Rector Collierville, TN Join the Episcopal Diocese of Texas in Celebrating the Pauli Murray Feast Online Worship Service June 27 Rector Martinsville, VA The Union of Black Episcopalians hosted a “Vigil for Racial Justice and the Healing of Our Nation” online on May 31. Screenshot: Lynn Collins[Episcopal News Service] With voices echoing those of 1960s’ civil rights leaders, a rainbow of black, white, Asian, Latino and Native Americans from across the church swelled to the 300-participant online capacity for a “Vigil for Racial Justice and the Healing of Our Nation,” hosted on Pentecost by the Union of Black Episcopalians and joined by Presiding Bishop Michael Curry.The May 31 vigil came on the sixth day of nationwide protests sparked by the death of George Floyd, the latest African American to die in police custody.UBE National President the Very Rev. Kim Coleman led the prayers, lament, witness, and call for racial justice, invoking the names of Floyd and three other African Americans — Breonna Taylor, Sean Reed and Ahmaud Arbery — who were recently killed by police or vigilantes. The vigil was intended as a sacred conversation in their memory and for “thousands of others like them whose voices have been silenced and who have been robbed of their lives over the past 400 years by the sin of racism,” Coleman said.These assaults, she said, “have broken our hearts, erupted onto our streets and crippled cities across our country.”“‘We are sick and tired of being sick and tired,’” Coleman said, quoting civil rights activist Fannie Lou Hamer. “‘That’s why we’ve come back to that place where people of faith know to go when our backs are against the wall. We turn to God through prayer and we turn to community through witness.’”The online vigil was attended by the presiding bishop, Missouri Bishop-elect Deon Johnson, New Jersey Bishop William “Chip” Stokes and the Rt. Rev. Carl Wright, The Episcopal Church’s bishop for Armed Forces and Federal Ministries who is an honorary UBE adviser.“We’ve run a long race, and this race will not be over until all of God’s children know the glorious liberty of the children of God,” Curry told those gathered.Floyd, 46, died during a May 25 arrest in Minneapolis, Minnesota. On May 29, Derek Chauvin, the officer who pressed his knee to the back of Floyd’s neck while he lay on the ground, was arrested and charged with murder and manslaughter. In an 8-minute video captured by a bystander and shared widely on social media, Floyd could be heard saying “I can’t breathe,” the same words Eric Garner spoke in 2014 before he died in the hands of police in Staten Island, New York.Garner’s death was also captured on video and led to nationwide protests over the use of excessive police force and the creation of the Black Lives Matter movement. New York Police Officer Daniel Pantaleo was never charged in Garner’s death, though an administrative judge found Pantaleo guilty of using a banned chokehold. The Justice Department dropped federal civil rights charges against Pantaleo last July. A month later, Pantaleo was fired from his job.Coleman also referenced the recent deaths of three other African Americans.Dreasjon “Sean” Reed, 21, was shot May 6 after he was stopped by Indianapolis Metropolitan Police who said they had observed him driving recklessly. His death was livestreamed on Facebook.Breonna Taylor, 26, an emergency room technician, died March 13 when Louisville, Kentucky, police used a battering ram to break down the door of her apartment. During the subsequent confrontation, Taylor was shot eight times.Ahmaud Arbery, 25, was killed February 23, while jogging in Brunswick, Georgia, a coastal city about 250 miles south of Atlanta. Two armed white men chased him, and after a struggle, Arbery was shot twice. A prosecutor, who later recused himself from the case, had argued that the two, Gregory McMichael, 64, and his son Travis McMichael, 34, were acting within the state’s citizen arrest and self-defense laws. The McMichaels were arrested May 7 and charged with murder and aggravated assault after a New York Times investigative report.Voices of lament, anger, fear, sadness, changeRepresentatives of the UBE’s six regional chapters offered prayers and reflections during the hour-long vigil. The Rev. Hershey Mallette Stephens described fears for “my own family, my father, my brothers and, one day, my tiny, smiling innocent son Jeremiah, if I continue to ignore this petrifying wound” of racism.“We call out in holy rage for all those murdered by the state … for the 140 million poor and low-wage people now living in the wealthiest nation in the history of the planet,” said Stephens, who is dean of the chapel and spiritual life at St. Augustine’s University in Raleigh, North Carolina. St. Augustine’s was founded in 1867 by the Episcopal Diocese of North Carolina to make education available to newly freed slaves.She invited participants to join a national call for moral revival scheduled online for June 20, 2020, organized by the Poor People’s Campaign, “because somebody’s been hurting our family and it’s gone on far too long. We won’t, we can’t, we refuse to be silent anymore.”The Rev. Ellis Clifton Jr., UBE Midwest regional director, reminded the gathering that even Jesus ran out of patience and cleared the temple of the moneychangers. Although not condoning violent protest and property destruction, “‘There comes a time when tired people have had enough. And they rise up, they act. For many years they have shown amazing patience. But we come here tonight to be saved from patience that makes us patient with anything less than freedom and justice,’” Ellis said quoting Martin Luther King Jr.‘What white people can do’It is up to white people to change the narrative, said the Rev. Mike Kinman, rector of All Saints Church in Pasadena, California, in the Diocese of Los Angeles.“We need to learn the history — the real history — and we need to tell the history … un-whitewashed … that there have been far more, far more instances of violence perpetrated against black people by white people than the other way around,” he said.“It is up to us to listen and to hold space for black and brown people as they express the centuries of trauma they are carrying in their bodies and spirits because of that history.”Kinman was dean of the Christ Church Cathedral in St. Louis, Missouri, when 18-year-old unarmed Michael Brown was shot and killed Aug. 9, 2014, by a white police officer. His killing sparked weeks of protest and civil unrest.“What is playing out right now in this country will continue to happen over and over again until we change something. We need to make some new history,” Kinman said.Racism has infected the American economy, systems and structures “and continues to damage us all,” Stokes, the New Jersey bishop, said, acknowledging the country’s history of racism and its institutionalization.“Racism is a white problem, the effects of which more often than we can measure bring great harm and often premature death to people of color. [It will take] great intentionality, genuine sacrifice and real resolve by whites in this country to help dismantle racism and its structures to assist in bringing about a just society,” he said. “It’s time for white America to wake up fully to the truth of our racism and oppression and own it. Until we do, we will not be either well or great as a nation.”Hope, transformation Transformation is possible by putting faith into action and by confronting educational and health care inequality, as well as lack of economic and other opportunities, said John Robertson, chair of UBE’s Mental Health Task Force. “You’ve heard the expression, ‘making lemonade out of lemons,’ but transformational growth is changing the lemonade so that it sustains us through the rest of life,” he said.Prayer is action, according to the Rev. Sandye Wilson, a UBE adviser. She said white Episcopalians must stand up, speak up, show up and act. “It’s not enough to tell me how close you are to me and how much this hurts you. You have work to do.“Prayer is voting. Prayer is getting others out to the polls. Prayer is naming systems that oppress and being unafraid. Prayer is challenging one another in our own internal opposition to not look down on those who have taken to the streets and say, ‘That’s not the way I would do it, and they are not really related to me.’ We are all in this boat together, and those that are taking to the streets in peaceful demonstrations are exercising their right to pray. Will you join us in this movement dear friends?“The time is now. We need moral courage to stand up and speak up. It’s in our hands, friends. Jesus gave us all we need. Let our prayer be our action, let our action be our prayer and may God go with us and bless us always,” Wilson said.– The Rev. Pat McCaughan is a correspondent for the Episcopal News Service. She is based in Los Angeles, California. AddThis Sharing ButtonsShare to PrintFriendlyPrintFriendlyShare to FacebookFacebookShare to TwitterTwitterShare to EmailEmailShare to MoreAddThis Rector Hopkinsville, KY Director of Administration & Finance Atlanta, GA Associate Rector for Family Ministries Anchorage, AK Course Director Jerusalem, Israel Rector Pittsburgh, PA Advocacy Peace & Justice, Priest Associate or Director of Adult Ministries Greenville, SC Submit an Event Listing An Evening with Presiding Bishop Curry and Iconographer Kelly Latimore Episcopal Migration Ministries via Zoom June 23 @ 6 p.m. ET Family Ministry Coordinator Baton Rouge, LA Bishop Diocesan Springfield, IL The Church Investment Group Commends the Taskforce on the Theology of Money on its report, The Theology of Money and Investing as Doing Theology Church Investment Group Rector Smithfield, NC Director of Music Morristown, NJ Submit a Press Release Assistant/Associate Priest Scottsdale, AZ Canon for Family Ministry Jackson, MS This Summer’s Anti-Racism Training Online Course (Diocese of New Jersey) June 18-July 16 UBE hosts racial justice vigil as nationwide protests flare The time is now ‘to stand up, show up, speak up, act’ Press Release Service Seminary of the Southwest announces appointment of two new full time faculty members Seminary of the Southwest Curate (Associate & Priest-in-Charge) Traverse City, MI The Church Pension Fund Invests $20 Million in Impact Investment Fund Designed to Preserve Workforce Housing Communities Nationwide Church Pension Group Submit a Job Listing Rector/Priest in Charge (PT) Lisbon, ME Cathedral Dean Boise, ID Featured Events Assistant/Associate Rector Morristown, NJ In-person Retreat: Thanksgiving Trinity Retreat Center (West Cornwall, CT) Nov. 24-28 Episcopal Charities of the Diocese of New York Hires Reverend Kevin W. VanHook, II as Executive Director Episcopal Charities of the Diocese of New York Rector Washington, DC George Floyd, TryTank Experimental Lab and York St. John University of England Launch Survey to Study the Impact of Covid-19 on the Episcopal Church TryTank Experimental Lab Inaugural Diocesan Feast Day Celebrating Juneteenth San Francisco, CA (and livestream) June 19 @ 2 p.m. PT Rector Shreveport, LA Youth Minister Lorton, VA Missioner for Disaster Resilience Sacramento, CA Remember Holy Land Christians on Jerusalem Sunday, June 20 American Friends of the Episcopal Diocese of Jerusalem Priest-in-Charge Lebanon, OH Associate Priest for Pastoral Care New York, NY New Berrigan Book With Episcopal Roots Cascade Books Rector Albany, NY Rector Belleville, IL Curate Diocese of Nebraska Rector (FT or PT) Indian River, MI Episcopal Migration Ministries’ Virtual Prayer Vigil for World Refugee Day Facebook Live Prayer Vigil June 20 @ 7 p.m. ET Racial Justice & Reconciliation Rector and Chaplain Eugene, OR Rector Tampa, FL Rector Knoxville, TN Virtual Celebration of the Jerusalem Princess Basma Center Zoom Conversation June 19 @ 12 p.m. ET Featured Jobs & Calls By Pat McCaughanPosted Jun 1, 2020 Assistant/Associate Rector Washington, DC Rector Bath, NC Ya no son extranjeros: Un diálogo acerca de inmigración Una conversación de Zoom June 22 @ 7 p.m. ET Associate Rector Columbus, GA Tags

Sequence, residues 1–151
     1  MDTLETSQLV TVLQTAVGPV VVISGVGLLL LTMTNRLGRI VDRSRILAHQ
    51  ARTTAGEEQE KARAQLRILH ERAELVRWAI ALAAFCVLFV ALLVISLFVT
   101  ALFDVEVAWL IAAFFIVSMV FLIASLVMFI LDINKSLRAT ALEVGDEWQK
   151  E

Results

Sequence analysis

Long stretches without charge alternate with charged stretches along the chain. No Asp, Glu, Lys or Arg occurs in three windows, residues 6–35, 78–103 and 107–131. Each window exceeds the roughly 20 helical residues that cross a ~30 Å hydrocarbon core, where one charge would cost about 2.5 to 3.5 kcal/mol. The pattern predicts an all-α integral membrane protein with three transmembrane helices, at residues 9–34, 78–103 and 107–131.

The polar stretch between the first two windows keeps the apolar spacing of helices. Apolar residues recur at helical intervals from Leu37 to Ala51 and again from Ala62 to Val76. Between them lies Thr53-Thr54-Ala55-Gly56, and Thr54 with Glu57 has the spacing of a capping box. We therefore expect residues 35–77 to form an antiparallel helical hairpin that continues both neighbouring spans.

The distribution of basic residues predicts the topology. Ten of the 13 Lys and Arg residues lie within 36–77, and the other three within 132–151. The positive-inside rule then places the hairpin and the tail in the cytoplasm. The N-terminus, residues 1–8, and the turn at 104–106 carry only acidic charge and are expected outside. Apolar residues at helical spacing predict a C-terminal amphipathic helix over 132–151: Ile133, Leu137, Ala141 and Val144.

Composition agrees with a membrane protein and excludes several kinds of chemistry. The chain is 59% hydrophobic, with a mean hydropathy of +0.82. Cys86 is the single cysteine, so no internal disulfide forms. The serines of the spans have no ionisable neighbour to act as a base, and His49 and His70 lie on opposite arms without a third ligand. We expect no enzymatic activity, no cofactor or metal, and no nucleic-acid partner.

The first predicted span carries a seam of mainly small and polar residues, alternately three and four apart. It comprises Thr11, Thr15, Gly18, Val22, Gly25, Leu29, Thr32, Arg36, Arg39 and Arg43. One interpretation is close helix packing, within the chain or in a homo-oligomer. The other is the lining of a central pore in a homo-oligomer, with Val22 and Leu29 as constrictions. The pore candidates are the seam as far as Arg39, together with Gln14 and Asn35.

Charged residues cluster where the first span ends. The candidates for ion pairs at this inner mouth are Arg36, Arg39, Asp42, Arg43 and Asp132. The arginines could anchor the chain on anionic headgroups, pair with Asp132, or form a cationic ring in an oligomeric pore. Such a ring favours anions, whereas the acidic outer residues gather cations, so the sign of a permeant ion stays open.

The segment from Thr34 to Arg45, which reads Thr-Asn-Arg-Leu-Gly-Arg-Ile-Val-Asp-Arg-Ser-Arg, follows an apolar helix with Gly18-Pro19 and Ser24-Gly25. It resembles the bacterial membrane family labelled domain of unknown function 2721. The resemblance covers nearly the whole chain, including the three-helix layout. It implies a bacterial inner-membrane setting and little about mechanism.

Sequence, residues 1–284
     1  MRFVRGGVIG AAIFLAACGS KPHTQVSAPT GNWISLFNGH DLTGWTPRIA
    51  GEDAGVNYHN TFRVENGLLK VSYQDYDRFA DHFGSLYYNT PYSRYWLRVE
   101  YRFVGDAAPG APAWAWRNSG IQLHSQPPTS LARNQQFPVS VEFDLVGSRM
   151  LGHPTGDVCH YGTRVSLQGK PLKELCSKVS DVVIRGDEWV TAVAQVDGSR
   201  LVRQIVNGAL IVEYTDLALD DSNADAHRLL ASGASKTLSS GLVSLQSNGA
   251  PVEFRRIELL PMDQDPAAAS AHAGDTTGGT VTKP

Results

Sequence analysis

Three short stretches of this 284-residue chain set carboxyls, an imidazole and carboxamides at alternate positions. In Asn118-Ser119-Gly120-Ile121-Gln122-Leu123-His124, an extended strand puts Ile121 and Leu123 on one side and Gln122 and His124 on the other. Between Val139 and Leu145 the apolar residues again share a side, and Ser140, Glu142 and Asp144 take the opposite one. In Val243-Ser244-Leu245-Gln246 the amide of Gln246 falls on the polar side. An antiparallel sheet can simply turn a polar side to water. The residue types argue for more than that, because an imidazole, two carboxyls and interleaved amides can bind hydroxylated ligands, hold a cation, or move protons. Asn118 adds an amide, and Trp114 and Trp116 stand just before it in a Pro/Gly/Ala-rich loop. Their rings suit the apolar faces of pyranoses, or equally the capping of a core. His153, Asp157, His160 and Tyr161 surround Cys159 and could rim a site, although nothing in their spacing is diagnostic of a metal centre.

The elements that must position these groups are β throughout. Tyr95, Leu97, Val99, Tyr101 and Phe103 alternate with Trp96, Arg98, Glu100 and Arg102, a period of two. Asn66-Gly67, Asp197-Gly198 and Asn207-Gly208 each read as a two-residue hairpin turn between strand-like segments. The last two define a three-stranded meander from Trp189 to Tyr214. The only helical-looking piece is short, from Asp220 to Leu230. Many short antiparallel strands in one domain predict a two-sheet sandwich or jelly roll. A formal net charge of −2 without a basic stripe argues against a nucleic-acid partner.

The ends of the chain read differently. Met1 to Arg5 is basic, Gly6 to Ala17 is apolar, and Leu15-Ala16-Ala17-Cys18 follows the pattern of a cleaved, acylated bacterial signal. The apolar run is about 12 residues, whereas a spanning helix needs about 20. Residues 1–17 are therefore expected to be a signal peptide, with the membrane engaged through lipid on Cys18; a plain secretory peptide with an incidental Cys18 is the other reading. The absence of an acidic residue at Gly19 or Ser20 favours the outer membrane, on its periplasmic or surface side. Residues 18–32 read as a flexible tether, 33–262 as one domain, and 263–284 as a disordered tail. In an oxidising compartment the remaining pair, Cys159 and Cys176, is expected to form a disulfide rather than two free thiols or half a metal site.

El Reno damage pic.twitter.com/XLf2T3YhM0— Dillon Richards (@KOCODillon) May 26, 2019The tornado that hit El Reno comes on the heels of a very active severe weather week in the Southern Plains. There were 104 tornadoes reported across eight states — Texas, Oklahoma, Kansas, Nebraska, Missouri, Iowa, Illinois, and Maryland — from Monday to Thursday.Three people were killed in Golden City, Missouri, on Thursday as a tornado moved through the region. The state’s capital, Jefferson City, about 170 miles northeast of Golden City, also suffered severe damage the same night from a tornado, but no one was killed.At least four other people were also killed from storms, including flash flooding, in the central U.S. this week.Copyright © 2019, ABC Radio. All rights reserved. KOCO-TV(RENO, Okla.) — At least two people were killed and 29 injured, some critically, when a tornado ripped through an Oklahoma City suburb in the middle of the night, wiping out a hotel, a mobile-home park and several other buildings.The National Weather Service confirmed Sunday that a tornado hit El Reno, a town with a population of nearly 20,000, on Saturday night.El Reno Mayor Matt White said at a news conference Sunday morning that the two deaths occurred in the area of a mobile-home park where the twister touched down about 10:30 p.m.He said search-and-rescue teams were conducting grid searches through the devastated area, “picking up walls of debris to make sure nobody is under there.”“This community is brokenhearted, we’re hurt, we’re absolutely devastated,” White said.He said an unknown number of people are still unaccounted for.White said 16 people were taken by ambulance to hospitals from the epicenter of the disaster zone and another 13 were raced to hospitals in private vehicles. He said injuries ranged from minor to critical, and that several people were undergoing surgery at the Oklahoma University Medical Center in Oklahoma City.“Search and rescue continue, National Guard will report here within the hour; still an unknown number of people missing, two confirmed fatalities,” Andrew Skidmore, emergency manager for Canadian County, Oklahoma, told ABC News. “We called every available resource to come help.”Emergency officials said the tornado cut a 2-mile long, 200-foot wide swath through the community, and that debris was carried more than 4 miles northeast of El Reno.The mayor said preliminary indications are that the twister was a category EF-2 or EF-3, meaning wind speeds ranged from 111 to more than 200 miles per hour. National Weather Service said the tornado was at least an EF-2 on the intensity level scale that goes to EF-5.Video showed the devastation. The tornado hit the hotel, an American Budget Value Inn, on Interstate 40, ripping off most of its second floor, and reducing much the structure to splintered pieces of wood and shattered glass.“As far as we know right now, there is no one in the rubble,” the hotel’s owner, Ramesh Patel, told ABC Oklahoma affiliate KOCO-TV.A woman who was working in the office when the tornado hit suffered a broken leg, Patel said.White confirmed that everyone at the hotel when the tornado struck has been accounted for.At sunrise Sunday, video showed a mobile-home park next to the hotel strewn with shattered glass, wood and other debris that just hours earlier were residences of a thriving community. Aerial footage showed the twister slammed residences in a corner of the mobile-home park while leaving other homes virtually unscathed.Several vehicles were overturned and others were smashed by debris.A woman who survived the tornado told KOCO that she and her two grandchildren escaped their mobile home only to find themselves in the middle of a “disaster zone.”“We heard screaming and stuff, children and adults both,” she said. “A lot of destruction, a lot of chaos and a lot of death … just bodies everywhere.”After striking the mobile-home park, the tornado hit the hotel and a nearby Dodge dealership, tearing the roof off the business, aerial footage showed.“We have absolutely experienced a traumatic event here in El Reno,” White said. “We had an incident where a tornado hit a mobile-home park, a hotel, and several businesses.”White asked people to stay away from the area while search-and-rescue teams continue to pick through the rubble from the hotel and mobile-home park.“I think El Reno, Oklahoma, needs a lot of prayers. It’s been a traumatic experience,” White said. “None of this is easy. We’re all shook up.”Police in the neighboring town of Union City said the ferocious funnel cloud created a “very serious situation” with “serious injuries and fatalities involved.”“Please pray for those affected by these storms as well as the emergency services workers assisting in this ongoing rescue,” police said in a statement posted to Facebook. “This is an unfortunate example of just how quickly these types of storms can develop from a simple thunderstorm into a deadly supercell tornado.”A National Weather Service meteorologist confirmed the catastrophic weather event was a tornado by analyzing radar images and seeing a “debris ball” in the area, and by detecting telltale evidence of a twister by examining pictures of the damage and eyeballing the devastation in person, officials said.
Class DescriptionPrepare and teach a full range of Philosophy courses to first- andsecond-year students. Collaborate effectively with disciplinecolleagues and with those from other disciplines, and seekcontinuous improvement in teaching methodology and student success.Participate with program faculty in developing, evaluating, andmanaging courses and curricula. Full-time faculty are required toteach 15 credit hours per semester, maintain at least one officehour per week for each course taught, remain active and current inhis/her field, participate in college committees, and perform otherduties as assigned. CCBC is committed to equal opportunity andseeks faculty who demonstrate the ability to function effectivelywithin a diverse population.Minimum RequirementsRequiredMaster’s degree in Philosophy or in a closely related field, two(2) years demonstrated success teaching Philosophy in a collegesetting, including capability with learning management systems,emerging instructional technologies, online instruction, andevidence of an effective and creative approach to teaching,including to diverse student populations.For best consideration please apply by December 18,2020.Class Specific Essential Duties Class Specific Essential Duties: Facilitate and support student learning by developing andproviding clear and effective instruction using traditional andtechnology-based instruction.Meet all classes as assigned during instructional periods.Basic teaching load is 15 contact hours each week.Communicate effectively with students by disseminating academicinformation including syllabi and academic policies, and byresponding to e-mails and phone calls from students in a timelymanner.Provide opportunities to meet with students (Office hours) atleast one hour each week for scheduled or unscheduled meetings foreach three credits of teaching contact hours.Provide effective and appropriate assessment with promptqualitative and quantitative feedback.Keep instructional materials and student work organized andaccessible. Maintain Learning Management System, providing studentsaccess to syllabi, grades and other supplemental coursematerial.Support students and other college units and comply withrelevant state and federal laws (nominate tutors, write letters ofrecommendation, refer students to counseling, assist students withspecial needs, suggest library purchases, help resolve registrationissues, maintain student privacy).Collaborate with colleagues in ongoing curricular developmentincluding content update, curricular alignment, consistentassessment practices, and record keeping.Collaborate with staff by completing and submitting reports anddocumentation in a timely manner.Attend and participate in committee, departmental, College, andSchool meetings.Provide College and Community Service through collegial andindividual initiatives.Maintain and develop professional expertise through ongoingprofessional development or scholarship. Essential Job Duties are intended to be examples of duties and arenot intended to be all inclusive. There will be other duties asassigned. CCBC Full Time Benefits At A GlanceBENEFIT SUMMARYMedical Plan yearEmployees may select CIGNA, or Kaiser Permanente Select HMO. Nopreexisting condition exclusions. All plans have prescription drugcoverage and mental health and substance abuse benefits. All plansrequire the selection of a primary care physician, but allow theoption to change. Annual Open Enrollment is inOctober/November.Dental Plan yearEmployees may select Cigna DHMO, CareFirst Traditional Dental orCareFirst Preferred Dental. Annual Open Enrollment is inOctober/November.Vision Plan yearEmployees may select Carefirst Preferred or Traditional Plans.Coverage includes one eye exam and benefits for glasses, contacts,or bi/trifocals every 24 months. Administered by Davis Vision.Kaiser medical plans allow members to have one eye exam yearly(covers exam only). Annual Open Enrollment is inOctober/November.Employee Assistance Program (EAP)Employees have access to the EAP, which provides CCBC employees andtheir family member’s confidential 24-hour online and telephoneaccess for legal, financial, and personal issues. Provided for CCBCemployees at no cost. Administered by CIGNA behavioral.Flexible Spending Accounts(section 125)Employees may select the FSA, which allows employees to pay forout-of-pocket medical and dependent care expenses. Employees mayallocate a maximum of $5,000 per household, per plan year fordaycare related expenses, on a pre-tax basis. Employees mayallocate a maximum of $2,550 for medical related expenses. A debitcard is provided to simplify claims processing for health careexpenses. Annual Open Enrollment is in October and November.Administered by Benefit Strategies.Life InsuranceEligible employees receive one times their annual salary rounded upto the nearest $1,000. The minimum benefit amount is $50,000 andthe maximum benefit amount is $200,000. CCBC pays 90% of thepremium. Evidence of insurability is required if enrollment occurs31 days after hire date. Administered by The Standard InsuranceCompany.Long Term Disability (LTD)Employees may enroll in the LTD Plan. Benefits are effective after90 days of continuous total disability and pays 60% of the grossmonthly salary. Evidence of insurability is required if enrollmentoccurs 31 days after the employee’s hire date. Administered by TheStandard Insurance Company.Legal ServicesEmployees may enroll in the Legal Services benefit, which provideslegal advice, consultation, and courtroom representation forcommonly used legal services; plus will preparation, trafficviolations, credit issues, warranty disputes, medical durable powerof attorney and uncontested divorce. Annual Open Enrollment is inOctober/November. This plan is administered by LegalResources.Retirement PlansEmployees are eligible, based on position classification, to enrollin one of three retirement plans: (1) MD State Teachers PensionSystem, (2) MD State Optional Retirement Plan (ORP), or (3)Baltimore County Employees Retirement System. All plans requireemployee contributions except MD State ORP.403(b) Supplemental Retirement PlansFor the 2016 calendar year, if you are under age 50, you couldcontribute up to $18,000, and if you are age 50 or older, you couldcontribute up to $24,000 because of a $6,000 ‘catch upcontribution’.Vendors: AIG-VALIC, TIAA-CREF, T. Rowe Price, Fidelity, Lincoln andING.457(b) Deferred Compensation PlanFor 2016, if you are under the age of 50, you could contribute themaximum of $18,000 to your 457(b) plan. If you are age 50 or older,that maximum increases to $24,000 because of a $6,000 ‘catch upcontribution.’ Vendor: Voya Financial Advisors, Inc.Tuition Waiver/ReimbursementCCBC tuition is waived for benefit-eligible employees after aprobationary period, if applicable. Tuition reimbursement forcourses taken at other colleges and universities are availableafter one year of CCBC employment. Employees are reimbursed:$200/credit undergraduate; $260/credit graduate courses, up to amaximum of 18 credits per fiscal year.Financial ServicesEmployees have access to a free checking account, direct deposit,loans and other services at First Financial Federal Credit Unionand M&T Bank.Time Off (fiscal year)12-month employees accrue up to 12 days for sick and safeleave the first year of employment and 18 days per yearthereafter. 10-month employees accrue up to 10 sick days the firstyear and 15 days thereafter. All employees are granted 3personal business days per fiscal year. Employees areeligible based on position classification and years of service toaccrue a minimum of 10 days and a maximum of 20 days ofvacation per fiscal year.ParkingFree. Must obtain a parking permit from the Department of PublicSafety to use on all campuses.